Joe Namath says giving up alcohol saved his life, hasn’t had a drink since infamous ESPN interview

Hall of Fame quarterback Joe Namath revealed in his autobiography how a post-retirement battle with alcohol almost killed him – and recalled the drunken TV interview that prompted the former New York Jet turn his life around.

Known as “Broadway” Joe for his larger-than-life persona, the 75-year-old wrote that he lost control of his drinking after his divorce in 2000, ESPN reported, citing a selection from the star’s book, "All the Way: My Life in Four Quarters." Namath writes that he believes he’d “probably be dead by now” if he hadn’t quit.

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"The drinking was what would kick my butt for a long time," Namath writes, as cited by ESPN. "I believe any of us can be brought to our knees whether from physical or emotional pain. Over the years, I learned how fragile we humans can be. Emotionally, I used that as an excuse to start drinking again...I would drink all day sometimes."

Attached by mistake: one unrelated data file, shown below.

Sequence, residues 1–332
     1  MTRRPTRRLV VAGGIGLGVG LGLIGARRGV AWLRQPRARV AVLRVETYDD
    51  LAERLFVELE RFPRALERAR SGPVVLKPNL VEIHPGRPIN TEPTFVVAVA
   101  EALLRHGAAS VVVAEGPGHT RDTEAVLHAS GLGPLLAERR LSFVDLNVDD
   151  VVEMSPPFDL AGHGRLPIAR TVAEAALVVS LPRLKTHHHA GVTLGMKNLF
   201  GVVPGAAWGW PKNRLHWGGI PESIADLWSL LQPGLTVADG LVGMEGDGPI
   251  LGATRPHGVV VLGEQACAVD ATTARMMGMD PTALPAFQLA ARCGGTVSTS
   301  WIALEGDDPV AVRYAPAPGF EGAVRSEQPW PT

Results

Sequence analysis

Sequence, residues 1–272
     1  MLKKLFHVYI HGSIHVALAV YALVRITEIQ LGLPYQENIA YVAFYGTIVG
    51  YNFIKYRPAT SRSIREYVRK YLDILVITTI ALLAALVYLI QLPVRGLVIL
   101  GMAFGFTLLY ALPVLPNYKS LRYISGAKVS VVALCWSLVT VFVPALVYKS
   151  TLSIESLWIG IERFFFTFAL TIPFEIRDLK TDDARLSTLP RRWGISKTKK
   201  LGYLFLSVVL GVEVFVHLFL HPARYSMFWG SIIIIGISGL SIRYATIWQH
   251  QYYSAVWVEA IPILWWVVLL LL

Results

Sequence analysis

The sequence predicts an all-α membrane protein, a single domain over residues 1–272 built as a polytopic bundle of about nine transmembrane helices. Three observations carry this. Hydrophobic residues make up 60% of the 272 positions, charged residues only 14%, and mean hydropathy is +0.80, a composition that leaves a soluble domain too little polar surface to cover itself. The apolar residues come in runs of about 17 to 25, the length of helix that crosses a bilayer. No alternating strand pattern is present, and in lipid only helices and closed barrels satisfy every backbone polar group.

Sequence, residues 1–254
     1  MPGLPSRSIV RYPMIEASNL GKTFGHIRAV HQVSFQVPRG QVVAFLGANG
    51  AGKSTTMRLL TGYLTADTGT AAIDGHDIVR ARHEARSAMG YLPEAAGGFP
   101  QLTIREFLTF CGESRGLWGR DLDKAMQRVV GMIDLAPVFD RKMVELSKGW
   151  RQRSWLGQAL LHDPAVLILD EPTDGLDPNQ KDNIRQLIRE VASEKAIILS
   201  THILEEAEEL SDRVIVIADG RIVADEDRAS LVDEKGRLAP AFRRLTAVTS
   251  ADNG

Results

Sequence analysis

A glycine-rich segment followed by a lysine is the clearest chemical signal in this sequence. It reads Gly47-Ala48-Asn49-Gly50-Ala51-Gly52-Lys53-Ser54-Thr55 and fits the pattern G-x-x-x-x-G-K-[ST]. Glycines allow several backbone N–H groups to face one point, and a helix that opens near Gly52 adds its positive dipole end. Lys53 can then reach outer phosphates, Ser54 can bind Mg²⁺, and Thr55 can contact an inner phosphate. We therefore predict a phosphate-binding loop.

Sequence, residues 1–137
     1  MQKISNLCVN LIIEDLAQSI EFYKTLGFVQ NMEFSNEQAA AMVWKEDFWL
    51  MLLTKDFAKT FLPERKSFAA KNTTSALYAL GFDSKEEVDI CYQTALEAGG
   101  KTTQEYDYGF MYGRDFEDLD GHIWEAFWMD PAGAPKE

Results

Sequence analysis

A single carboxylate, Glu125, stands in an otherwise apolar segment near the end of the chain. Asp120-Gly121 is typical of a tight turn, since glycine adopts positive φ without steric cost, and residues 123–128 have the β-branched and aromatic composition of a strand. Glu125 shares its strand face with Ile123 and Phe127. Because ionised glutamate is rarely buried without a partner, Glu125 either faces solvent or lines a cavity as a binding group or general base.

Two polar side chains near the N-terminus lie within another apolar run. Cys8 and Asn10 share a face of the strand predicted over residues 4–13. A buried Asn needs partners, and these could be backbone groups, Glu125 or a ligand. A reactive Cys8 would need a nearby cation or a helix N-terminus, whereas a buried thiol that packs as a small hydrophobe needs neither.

Joe Namath says he believes he wouldn't be alive today if he hadn't gotten help for his alcohol addiction. 

Joe Namath says he believes he wouldn't be alive today if he hadn't gotten help for his alcohol addiction.  (Photo by Rich Graessle/Icon Sportswire via Getty Images)

During an infamous sideline interview in 2003 with ESPN’s Suzy Kolber, a drunken Namath told the reporter he wanted to kiss her. The Super Bowl III MVP writes that the “shame” from the incident helped him fight his addiction.

"I saw it as a blessing in disguise," writes Namath. "I had embarrassed my friends and family and could not escape that feeling. I haven't had a drink since.”

Namath appeared on "The Michael Kay Show" Tuesday and addressed how his life today would have been different if he had continued drinking to excess.

“I really believe I wouldn’t be here today,” Namath said. “I wouldn’t be a healthy Joe Namath today. I wouldn’t be lucky today with my family, living every day and sharing every day with the grandchildren and living with my friends…I don’t think I would have survived.”

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In the book, Namath recounts other highs and lows he’s experienced, including the Jets' win over the Baltimore Colts in Super Bowl III and his concerns over traumatic brain issues that many former NFL players face.